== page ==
My point of departure in advocating for the extension of the lockdown period is this: that can one confidently say the amount of human traffic we see post the lockdown date has so far substantially reduced to facilitate the extreme social distancing intervention as was expected to suggest that the stay-at-home initiative has been heeded and complied with barring the essential staff category? As someone who cannot authoritatively distinguish between the essential and non-essential members of the society at face value, it appears the movement is still highly substantial and worrisome. The numbers of people who thronged government offices for example to seek permits for this and that has not substantially reduced the movements of people who should, presumably as per the lockdown regulations, be confined to their residences. While it is appreciated that an undertaking as huge and challenging as the lockdown is, there were bound to be hiccups here and there to enforce it. Or presumably again, it could be that false sense of thinking that we are not susceptible to contracting the virus? I don’t know. I cannot for a minute be oblivious to the fact that people, individually and collectively, are not bearing the brunt of extreme inconvenience in one form or the other. Our socio-economic preoccupations are severely and negatively impacted upon. Equally so, it was not going to be a comfortable period during lockdown. Given that the extreme inconveniences we endure far outweigh the dire consequences of the Coronavirus we are trying to deal with, I argue very strongly that we are nowhere near satisfying the requirements of extreme social distancing and consequently, this should become a solid ground of extending the state of lockdown.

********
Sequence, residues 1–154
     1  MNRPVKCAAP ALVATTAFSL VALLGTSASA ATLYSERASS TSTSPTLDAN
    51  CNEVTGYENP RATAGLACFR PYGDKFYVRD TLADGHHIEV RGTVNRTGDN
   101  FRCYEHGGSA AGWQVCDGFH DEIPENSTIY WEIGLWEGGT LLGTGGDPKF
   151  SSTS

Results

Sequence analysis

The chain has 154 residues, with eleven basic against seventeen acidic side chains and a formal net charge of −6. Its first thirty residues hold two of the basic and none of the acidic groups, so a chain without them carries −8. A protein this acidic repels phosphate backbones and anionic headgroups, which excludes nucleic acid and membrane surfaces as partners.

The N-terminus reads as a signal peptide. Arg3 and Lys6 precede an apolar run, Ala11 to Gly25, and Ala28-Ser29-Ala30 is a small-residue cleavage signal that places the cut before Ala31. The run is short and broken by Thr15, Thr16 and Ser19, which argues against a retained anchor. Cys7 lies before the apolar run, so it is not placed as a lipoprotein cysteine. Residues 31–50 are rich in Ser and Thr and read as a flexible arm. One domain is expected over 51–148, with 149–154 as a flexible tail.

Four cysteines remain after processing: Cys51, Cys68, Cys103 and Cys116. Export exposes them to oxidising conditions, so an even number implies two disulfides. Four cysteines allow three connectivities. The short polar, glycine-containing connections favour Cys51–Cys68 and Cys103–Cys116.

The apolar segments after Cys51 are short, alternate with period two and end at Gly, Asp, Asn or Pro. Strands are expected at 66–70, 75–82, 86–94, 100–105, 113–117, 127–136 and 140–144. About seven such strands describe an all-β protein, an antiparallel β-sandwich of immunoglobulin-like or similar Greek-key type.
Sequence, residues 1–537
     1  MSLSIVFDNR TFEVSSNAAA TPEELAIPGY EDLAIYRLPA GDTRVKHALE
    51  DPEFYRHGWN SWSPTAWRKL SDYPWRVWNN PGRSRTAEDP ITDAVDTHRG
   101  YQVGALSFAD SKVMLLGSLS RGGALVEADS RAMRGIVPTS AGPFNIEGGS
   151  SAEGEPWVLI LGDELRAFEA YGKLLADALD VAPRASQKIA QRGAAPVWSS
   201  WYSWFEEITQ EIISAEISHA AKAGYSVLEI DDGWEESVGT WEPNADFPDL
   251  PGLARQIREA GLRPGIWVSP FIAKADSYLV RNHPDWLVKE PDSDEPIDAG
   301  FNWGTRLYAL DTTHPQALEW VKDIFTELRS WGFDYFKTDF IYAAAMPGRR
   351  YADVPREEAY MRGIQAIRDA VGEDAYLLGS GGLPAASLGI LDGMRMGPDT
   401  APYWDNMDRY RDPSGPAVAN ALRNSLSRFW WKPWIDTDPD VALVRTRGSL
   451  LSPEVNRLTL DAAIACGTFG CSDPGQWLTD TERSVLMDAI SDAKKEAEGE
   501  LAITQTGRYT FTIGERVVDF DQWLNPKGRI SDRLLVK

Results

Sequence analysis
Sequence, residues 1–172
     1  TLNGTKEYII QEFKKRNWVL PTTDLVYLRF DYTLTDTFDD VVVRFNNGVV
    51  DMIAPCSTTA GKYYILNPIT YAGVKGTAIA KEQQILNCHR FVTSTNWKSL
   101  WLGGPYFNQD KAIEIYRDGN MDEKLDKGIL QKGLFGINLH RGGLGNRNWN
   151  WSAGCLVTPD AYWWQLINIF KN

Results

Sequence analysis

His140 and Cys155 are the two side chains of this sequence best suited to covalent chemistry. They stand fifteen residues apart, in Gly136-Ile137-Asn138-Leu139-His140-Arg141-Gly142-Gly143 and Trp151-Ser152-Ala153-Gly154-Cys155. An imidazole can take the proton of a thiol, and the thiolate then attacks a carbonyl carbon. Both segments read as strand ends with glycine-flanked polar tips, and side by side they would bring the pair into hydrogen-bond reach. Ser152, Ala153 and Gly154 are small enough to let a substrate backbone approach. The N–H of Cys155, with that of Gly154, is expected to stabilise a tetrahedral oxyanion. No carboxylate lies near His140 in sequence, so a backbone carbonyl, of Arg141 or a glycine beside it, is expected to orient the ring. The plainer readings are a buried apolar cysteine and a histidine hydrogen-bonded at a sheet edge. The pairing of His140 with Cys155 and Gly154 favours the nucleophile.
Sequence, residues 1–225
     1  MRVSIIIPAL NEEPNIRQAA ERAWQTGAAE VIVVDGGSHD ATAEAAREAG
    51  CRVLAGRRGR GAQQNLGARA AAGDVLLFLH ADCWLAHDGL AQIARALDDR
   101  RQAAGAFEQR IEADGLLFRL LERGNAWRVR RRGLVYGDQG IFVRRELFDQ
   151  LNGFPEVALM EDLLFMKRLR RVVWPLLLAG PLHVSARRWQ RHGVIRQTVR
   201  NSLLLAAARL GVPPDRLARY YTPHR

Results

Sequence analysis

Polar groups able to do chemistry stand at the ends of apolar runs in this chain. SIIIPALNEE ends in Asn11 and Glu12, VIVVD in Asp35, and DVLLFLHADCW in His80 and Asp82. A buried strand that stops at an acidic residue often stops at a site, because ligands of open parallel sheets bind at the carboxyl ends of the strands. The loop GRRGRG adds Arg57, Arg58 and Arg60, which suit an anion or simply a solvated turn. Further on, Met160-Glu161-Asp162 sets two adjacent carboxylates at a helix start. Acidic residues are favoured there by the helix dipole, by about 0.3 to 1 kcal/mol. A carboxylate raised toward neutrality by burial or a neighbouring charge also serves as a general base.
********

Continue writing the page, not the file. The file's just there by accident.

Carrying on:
While the extreme social distancing intervention is largely blamed on the general members of the public, the political leadership both at executive and legislative levels have also not covered themselves in glory with respect to be seen to be at the forefront of promoting and implementing the extreme social distancing intervention. At being advised that they had been exposed to a nurse who had tested positive to the Coronavirus, this group went ahead unashamedly and with daring contempt I should add, with their ill-advised extraordinary meeting. As if this was not enough, the Covid-19 Task Force Team made up of scientists who advice government on the Coronavirus sat, with the greatest of respect, stone-cold without ensuring that the protocols governing Coronavirus, and which protocols they are day in and day out bombarding the society with, are complied with without fear or favour. It was a serious dereliction of duty on their part given the legal power and authority they possess so we are told. Members of the community cannot be reasonably and legitimately be accused of not observing the extreme social distancing intervention while the architects of the very same openly violate it at any given opportunity.